I do. In many cases it is a strong bond. And a reciprocal one. For this to happen the student must feel a sense of connection with the instructor and vice versa. If that connection is lost, so is the bond. I use this understanding as a guide when I choose my assistant instructors. If they have an issue with this bond, then they will have difficulty in reaching a great status and influence as an instructor.
Later on in your career, you started training in Brazilian Jiu Jitsu. Who were some of your idols when it came to BJJ?
Nino was the biggest influence in my game when I was getting my BJJ start. I remember rolling with him for the first time. He slowly destroyed me. I had no resistance. And I think that was one of my first real introductions with BJJ.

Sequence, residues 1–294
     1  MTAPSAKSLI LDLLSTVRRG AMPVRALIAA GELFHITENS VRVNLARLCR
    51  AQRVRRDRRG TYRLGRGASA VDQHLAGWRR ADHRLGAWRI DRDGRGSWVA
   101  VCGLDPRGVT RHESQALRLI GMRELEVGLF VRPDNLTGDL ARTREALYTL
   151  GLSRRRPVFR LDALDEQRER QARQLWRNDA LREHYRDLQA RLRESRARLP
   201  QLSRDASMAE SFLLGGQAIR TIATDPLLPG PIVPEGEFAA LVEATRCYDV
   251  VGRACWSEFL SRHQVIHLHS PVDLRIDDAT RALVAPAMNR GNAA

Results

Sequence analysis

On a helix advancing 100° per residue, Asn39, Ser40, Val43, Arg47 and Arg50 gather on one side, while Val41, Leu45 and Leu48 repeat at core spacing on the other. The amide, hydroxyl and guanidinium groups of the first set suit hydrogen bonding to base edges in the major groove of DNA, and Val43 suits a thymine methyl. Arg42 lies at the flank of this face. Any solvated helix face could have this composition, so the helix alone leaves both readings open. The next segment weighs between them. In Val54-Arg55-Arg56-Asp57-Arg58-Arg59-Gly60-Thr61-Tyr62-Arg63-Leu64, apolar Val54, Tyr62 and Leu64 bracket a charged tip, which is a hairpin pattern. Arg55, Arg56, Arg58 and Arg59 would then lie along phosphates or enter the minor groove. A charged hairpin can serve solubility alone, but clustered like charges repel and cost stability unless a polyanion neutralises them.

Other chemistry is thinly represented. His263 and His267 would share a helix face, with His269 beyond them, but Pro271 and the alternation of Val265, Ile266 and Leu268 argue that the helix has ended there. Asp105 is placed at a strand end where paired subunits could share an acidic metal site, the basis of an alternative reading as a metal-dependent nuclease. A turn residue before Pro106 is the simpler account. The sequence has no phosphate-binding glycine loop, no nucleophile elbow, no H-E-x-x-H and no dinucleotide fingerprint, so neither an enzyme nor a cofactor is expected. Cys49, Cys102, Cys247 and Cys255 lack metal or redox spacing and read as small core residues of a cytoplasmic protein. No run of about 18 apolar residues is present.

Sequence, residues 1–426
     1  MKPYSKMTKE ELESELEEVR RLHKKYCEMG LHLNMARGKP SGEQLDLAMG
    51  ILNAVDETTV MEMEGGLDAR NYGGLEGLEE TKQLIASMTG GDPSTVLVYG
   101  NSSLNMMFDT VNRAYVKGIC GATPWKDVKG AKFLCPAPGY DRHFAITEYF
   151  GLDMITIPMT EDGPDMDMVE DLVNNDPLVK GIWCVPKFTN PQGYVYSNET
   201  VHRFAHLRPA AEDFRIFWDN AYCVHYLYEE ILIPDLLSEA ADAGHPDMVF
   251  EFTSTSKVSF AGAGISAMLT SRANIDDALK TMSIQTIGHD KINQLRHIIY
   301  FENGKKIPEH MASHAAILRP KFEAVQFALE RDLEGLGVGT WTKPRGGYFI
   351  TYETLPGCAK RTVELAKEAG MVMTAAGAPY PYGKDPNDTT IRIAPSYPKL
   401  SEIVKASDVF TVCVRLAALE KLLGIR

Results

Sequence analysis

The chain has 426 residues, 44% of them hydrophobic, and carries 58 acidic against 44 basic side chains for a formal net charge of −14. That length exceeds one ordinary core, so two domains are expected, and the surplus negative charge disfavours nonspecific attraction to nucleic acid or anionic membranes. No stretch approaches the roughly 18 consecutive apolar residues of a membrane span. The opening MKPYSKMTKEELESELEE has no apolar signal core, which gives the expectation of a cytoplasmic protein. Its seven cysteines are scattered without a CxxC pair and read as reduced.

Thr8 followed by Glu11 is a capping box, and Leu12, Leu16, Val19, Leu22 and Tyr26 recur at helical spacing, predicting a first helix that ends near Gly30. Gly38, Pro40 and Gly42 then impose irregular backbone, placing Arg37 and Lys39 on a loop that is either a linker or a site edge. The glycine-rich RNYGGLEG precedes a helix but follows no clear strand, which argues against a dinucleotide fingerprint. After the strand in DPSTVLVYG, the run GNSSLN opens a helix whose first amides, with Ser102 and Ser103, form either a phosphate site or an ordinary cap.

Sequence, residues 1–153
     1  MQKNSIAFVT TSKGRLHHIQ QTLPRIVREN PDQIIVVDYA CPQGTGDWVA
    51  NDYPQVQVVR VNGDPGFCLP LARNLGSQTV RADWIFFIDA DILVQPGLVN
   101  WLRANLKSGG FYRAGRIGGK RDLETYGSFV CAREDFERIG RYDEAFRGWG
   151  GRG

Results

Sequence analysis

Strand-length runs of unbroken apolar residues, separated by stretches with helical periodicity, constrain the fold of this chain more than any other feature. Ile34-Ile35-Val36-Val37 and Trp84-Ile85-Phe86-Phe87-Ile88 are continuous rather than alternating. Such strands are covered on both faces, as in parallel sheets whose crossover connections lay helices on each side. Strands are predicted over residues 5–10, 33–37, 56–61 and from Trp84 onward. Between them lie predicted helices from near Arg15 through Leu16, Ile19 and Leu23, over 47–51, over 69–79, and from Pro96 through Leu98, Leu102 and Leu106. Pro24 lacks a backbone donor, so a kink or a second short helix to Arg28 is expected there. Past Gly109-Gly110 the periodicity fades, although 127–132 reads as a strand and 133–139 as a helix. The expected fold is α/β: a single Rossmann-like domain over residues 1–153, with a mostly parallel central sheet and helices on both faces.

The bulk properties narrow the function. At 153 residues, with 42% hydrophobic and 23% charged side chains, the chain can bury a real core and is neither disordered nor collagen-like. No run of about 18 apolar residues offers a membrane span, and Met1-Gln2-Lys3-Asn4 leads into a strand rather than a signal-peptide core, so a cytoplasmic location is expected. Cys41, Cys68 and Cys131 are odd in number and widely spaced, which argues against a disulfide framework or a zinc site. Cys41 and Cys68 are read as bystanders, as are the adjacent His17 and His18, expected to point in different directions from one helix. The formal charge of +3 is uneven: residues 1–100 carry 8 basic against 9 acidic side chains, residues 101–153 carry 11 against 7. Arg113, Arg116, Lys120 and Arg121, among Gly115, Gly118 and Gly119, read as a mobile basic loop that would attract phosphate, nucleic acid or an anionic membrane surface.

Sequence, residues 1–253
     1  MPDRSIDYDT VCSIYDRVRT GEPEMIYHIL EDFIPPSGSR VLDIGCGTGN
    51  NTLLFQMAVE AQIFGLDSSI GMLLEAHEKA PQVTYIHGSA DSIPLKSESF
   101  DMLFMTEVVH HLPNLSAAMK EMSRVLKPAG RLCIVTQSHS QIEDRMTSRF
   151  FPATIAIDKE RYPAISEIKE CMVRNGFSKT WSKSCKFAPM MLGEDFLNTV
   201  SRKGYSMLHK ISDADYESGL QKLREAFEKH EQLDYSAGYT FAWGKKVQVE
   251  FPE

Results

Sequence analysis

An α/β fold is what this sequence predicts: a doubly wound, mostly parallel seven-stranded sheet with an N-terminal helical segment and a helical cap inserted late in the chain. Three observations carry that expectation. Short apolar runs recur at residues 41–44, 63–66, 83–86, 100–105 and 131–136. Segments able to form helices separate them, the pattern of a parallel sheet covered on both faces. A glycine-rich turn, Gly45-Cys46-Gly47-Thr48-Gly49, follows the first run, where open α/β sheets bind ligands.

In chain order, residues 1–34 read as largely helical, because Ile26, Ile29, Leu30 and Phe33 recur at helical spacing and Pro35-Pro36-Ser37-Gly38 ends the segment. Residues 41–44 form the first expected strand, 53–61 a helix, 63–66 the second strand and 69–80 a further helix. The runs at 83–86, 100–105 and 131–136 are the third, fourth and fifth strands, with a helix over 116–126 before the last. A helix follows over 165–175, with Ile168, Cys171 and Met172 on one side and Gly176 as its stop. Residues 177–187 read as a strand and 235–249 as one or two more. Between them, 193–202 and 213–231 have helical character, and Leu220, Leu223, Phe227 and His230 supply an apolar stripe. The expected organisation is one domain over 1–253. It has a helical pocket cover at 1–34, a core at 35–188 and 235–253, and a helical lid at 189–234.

Obviously, there are different styles of BJJ. For example, Jake Shields created a style which he calls “American Jiu-Jitsu”. You’ve created your own style called Guerilla Jiu-Jitsu, a style which Jon Fitch is a black belt in. Where did the idea of Guerilla Jiu-Jitsu come from and what makes it difference from Brazilian Jiu Jitsu.
The difference is much like the difference between American Kickboxing and Muay Thai. To an onlooker they may seem the same, but to practitioners they are very different. WIth Guerrilla Jiu-Jitsu I teach my students to calculate the risk of losing position as they would in a self-defense situation and not a tournament one. This includes a focus in wrestling as well as Judo. My style is rich in takedowns. With takedowns you can control where the fight takes place. From there we use the mentality from wrestling and BJJ to control top position and stay on top. On bottom we use a wrestling and BJJ mentality to primarily get off bottom. We also understand the importance of a well balanced guard, including submissions and reversals.